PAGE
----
1. To act as a leading organisation and a global voice for the rights of those who face discrimination on the grounds of sexual orientation, gender identity, gender expression and/or sex characteristics (SOGIESC). 2. To work towards achieving equality, freedom and justice for lesbian, gay, bisexual, trans and intersex people through advocacy, collaborative actions, and by educating and informing relevant international and regional institutions as well as governments, media and civil society. 3. To empower our members and other human rights organisations in promoting and protecting human rights, irrespective of people's sexual orientation, gender identity, gender expression and/or sex characteristics and to facilitate cooperation and solidarity among ILGA regions and members. 4. To promote the diversity and strengths of persons of diverse SOGIESC around the world.
In the wake of September 11, 2001, a group of Los Angeles media instructors and professionals gathered to discuss the tragedy. They were determined to “go global” and make a major, long-term impact on the world community.The Teen International Media Exchange (TIME) was born, and found a home at the Media Academy at Grover Cleveland High School in Reseda, CA, where two of the founders teach.Today, TIME is a non-profit organization with an explicit mission: to empower the energy of teenagers and the dynamic power of the media to create a peaceful, cooperative world community.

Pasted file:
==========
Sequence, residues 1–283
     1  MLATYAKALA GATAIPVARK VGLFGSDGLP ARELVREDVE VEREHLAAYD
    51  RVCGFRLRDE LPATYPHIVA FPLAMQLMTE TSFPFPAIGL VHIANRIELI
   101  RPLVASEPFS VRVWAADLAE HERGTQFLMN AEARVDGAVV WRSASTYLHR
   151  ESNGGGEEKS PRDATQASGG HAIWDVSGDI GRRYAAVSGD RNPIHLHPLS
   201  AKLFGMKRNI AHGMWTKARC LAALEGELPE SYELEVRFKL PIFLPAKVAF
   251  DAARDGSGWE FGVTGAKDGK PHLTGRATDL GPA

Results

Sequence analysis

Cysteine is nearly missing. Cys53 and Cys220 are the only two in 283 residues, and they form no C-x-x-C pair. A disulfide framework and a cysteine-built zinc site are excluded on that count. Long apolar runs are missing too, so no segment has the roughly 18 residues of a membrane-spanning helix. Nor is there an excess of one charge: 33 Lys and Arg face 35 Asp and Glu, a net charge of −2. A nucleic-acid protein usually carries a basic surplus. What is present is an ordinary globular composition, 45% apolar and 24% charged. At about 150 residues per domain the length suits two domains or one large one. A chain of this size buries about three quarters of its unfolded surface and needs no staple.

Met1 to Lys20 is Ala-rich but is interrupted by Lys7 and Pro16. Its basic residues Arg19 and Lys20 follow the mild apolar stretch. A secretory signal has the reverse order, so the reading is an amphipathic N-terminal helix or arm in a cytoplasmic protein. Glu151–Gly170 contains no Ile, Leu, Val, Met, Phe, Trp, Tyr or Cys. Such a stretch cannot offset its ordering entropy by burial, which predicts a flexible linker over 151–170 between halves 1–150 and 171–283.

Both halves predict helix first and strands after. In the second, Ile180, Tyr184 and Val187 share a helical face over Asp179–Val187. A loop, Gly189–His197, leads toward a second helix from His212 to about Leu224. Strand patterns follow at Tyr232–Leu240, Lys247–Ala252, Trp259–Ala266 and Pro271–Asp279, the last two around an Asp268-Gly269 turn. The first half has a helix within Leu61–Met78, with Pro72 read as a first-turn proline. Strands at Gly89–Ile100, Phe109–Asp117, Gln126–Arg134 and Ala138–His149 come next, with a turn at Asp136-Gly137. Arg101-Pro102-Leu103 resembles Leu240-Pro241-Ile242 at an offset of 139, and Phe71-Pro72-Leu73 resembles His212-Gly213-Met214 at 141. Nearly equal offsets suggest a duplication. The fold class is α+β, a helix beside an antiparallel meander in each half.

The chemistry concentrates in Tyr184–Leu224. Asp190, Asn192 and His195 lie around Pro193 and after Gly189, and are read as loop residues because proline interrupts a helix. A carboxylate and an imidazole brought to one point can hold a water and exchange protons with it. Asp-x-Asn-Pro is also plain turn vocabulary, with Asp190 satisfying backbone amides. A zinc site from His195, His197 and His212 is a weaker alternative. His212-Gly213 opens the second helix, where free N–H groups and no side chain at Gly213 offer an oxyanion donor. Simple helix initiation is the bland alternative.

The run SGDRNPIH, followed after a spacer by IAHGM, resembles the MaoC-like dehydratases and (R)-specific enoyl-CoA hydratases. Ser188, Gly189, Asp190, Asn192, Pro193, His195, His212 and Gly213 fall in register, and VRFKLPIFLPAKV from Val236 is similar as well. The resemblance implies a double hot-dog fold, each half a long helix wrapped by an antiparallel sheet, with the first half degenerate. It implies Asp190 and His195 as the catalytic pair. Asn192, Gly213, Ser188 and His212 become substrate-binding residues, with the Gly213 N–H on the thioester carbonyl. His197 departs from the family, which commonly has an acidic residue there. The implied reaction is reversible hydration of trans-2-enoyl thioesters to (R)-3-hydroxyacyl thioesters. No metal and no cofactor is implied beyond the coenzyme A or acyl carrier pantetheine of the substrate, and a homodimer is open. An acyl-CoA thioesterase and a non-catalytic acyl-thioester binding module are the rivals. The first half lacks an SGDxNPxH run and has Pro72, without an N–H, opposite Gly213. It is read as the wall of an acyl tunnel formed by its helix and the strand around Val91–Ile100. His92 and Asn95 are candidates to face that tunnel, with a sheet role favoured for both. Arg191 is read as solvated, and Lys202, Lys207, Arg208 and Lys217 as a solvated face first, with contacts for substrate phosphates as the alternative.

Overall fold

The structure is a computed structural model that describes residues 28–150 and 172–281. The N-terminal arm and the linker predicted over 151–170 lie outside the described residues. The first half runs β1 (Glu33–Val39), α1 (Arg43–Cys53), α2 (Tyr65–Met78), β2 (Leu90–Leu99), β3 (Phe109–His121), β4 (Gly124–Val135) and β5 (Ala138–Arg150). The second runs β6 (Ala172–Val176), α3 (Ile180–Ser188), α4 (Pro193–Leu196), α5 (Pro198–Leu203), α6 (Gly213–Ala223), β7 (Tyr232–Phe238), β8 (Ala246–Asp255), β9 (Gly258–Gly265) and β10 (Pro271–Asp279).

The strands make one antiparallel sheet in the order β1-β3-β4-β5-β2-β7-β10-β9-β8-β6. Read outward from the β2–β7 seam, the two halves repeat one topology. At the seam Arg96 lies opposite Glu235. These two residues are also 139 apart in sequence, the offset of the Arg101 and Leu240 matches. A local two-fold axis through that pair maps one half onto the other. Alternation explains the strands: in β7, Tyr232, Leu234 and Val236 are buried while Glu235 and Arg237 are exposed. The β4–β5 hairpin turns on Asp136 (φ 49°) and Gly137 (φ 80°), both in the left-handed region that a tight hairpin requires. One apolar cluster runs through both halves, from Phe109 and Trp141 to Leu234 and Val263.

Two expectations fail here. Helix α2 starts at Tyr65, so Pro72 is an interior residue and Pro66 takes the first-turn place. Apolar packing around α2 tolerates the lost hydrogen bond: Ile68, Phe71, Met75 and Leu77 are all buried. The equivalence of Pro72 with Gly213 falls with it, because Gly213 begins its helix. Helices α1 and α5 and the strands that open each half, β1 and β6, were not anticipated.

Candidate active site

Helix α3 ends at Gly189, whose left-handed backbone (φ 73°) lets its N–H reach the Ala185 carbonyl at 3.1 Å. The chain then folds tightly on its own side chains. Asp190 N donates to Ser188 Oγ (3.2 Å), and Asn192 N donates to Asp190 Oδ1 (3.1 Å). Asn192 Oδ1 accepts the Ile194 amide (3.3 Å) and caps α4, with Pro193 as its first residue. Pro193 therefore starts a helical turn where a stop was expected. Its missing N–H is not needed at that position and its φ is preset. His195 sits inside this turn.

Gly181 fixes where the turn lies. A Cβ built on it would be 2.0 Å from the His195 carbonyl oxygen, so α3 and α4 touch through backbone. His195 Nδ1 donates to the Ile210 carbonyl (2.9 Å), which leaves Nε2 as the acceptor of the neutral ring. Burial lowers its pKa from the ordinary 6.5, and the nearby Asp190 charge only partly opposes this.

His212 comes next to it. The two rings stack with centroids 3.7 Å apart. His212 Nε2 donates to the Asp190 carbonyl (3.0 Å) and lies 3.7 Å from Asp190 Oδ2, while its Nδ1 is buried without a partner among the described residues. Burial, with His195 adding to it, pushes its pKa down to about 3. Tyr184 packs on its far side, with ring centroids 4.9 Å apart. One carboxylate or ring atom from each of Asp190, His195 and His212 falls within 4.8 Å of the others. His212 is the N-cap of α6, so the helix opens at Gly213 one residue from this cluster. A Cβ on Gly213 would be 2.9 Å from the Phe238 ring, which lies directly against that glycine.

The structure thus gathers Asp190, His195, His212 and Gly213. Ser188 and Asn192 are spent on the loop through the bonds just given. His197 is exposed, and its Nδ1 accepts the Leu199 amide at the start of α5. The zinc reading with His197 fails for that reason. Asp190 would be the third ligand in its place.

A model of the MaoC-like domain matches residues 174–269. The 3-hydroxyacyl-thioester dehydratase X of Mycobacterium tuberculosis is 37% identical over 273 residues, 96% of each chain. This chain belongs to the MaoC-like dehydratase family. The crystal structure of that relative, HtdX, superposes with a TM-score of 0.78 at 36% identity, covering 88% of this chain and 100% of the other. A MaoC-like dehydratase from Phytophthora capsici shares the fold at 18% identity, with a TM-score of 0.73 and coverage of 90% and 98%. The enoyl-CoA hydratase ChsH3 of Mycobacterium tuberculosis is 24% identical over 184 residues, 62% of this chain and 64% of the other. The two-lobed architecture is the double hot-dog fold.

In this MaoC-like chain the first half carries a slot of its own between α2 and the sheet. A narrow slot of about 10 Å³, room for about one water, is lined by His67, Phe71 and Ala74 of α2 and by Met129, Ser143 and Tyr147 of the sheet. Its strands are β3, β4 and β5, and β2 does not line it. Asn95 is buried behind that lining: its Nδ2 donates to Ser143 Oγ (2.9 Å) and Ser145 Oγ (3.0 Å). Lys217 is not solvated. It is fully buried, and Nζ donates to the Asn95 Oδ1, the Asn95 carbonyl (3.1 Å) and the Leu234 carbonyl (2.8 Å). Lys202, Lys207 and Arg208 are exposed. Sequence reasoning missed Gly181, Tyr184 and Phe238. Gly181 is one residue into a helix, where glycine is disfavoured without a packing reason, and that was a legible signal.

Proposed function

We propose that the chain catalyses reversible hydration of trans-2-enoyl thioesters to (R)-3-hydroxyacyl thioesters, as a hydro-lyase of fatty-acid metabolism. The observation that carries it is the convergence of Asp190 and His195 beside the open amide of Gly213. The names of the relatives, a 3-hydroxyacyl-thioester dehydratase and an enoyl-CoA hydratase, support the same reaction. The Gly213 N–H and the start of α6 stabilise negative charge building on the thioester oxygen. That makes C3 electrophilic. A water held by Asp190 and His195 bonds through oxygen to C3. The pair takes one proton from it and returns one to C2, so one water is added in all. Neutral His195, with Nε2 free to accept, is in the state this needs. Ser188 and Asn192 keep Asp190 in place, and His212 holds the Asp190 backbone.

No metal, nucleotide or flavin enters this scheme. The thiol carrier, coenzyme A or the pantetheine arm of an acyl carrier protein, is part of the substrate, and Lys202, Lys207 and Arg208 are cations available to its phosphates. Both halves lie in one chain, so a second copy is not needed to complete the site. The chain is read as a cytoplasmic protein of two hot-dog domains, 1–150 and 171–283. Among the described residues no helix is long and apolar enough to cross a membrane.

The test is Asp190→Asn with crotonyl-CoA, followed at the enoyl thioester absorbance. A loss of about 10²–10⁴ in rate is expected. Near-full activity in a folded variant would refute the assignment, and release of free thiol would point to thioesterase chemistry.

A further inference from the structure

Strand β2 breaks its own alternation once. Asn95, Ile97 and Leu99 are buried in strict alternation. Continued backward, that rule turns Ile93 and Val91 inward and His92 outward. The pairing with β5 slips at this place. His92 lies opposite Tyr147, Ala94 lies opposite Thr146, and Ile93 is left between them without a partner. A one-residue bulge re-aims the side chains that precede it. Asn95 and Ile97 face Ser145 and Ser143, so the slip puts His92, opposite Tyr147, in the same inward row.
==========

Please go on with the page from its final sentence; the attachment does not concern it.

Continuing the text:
ISPCAN’S MISSION IS TO STRENGTHEN THE WORK OF INDIVIDUALS AND ORGANIZATIONS TO: • PREVENT ABUSE, NEGLECT AND OTHER FORMS OF VIOLENCE AGAINST CHILDREN • PROMOTE THE WELLBEING OF CHILDREN
Women Deliver is a leading global advocate that champions gender equality and the health and rights of girls and women. Our advocacy drives investment—political and financial— in the lives of girls and women. We harness evidence and unite diverse voices to spark commitment to gender equality. And we get results. Anchored in sexual and reproductive health, we advocate for the rights of girls and women across every aspect of their lives.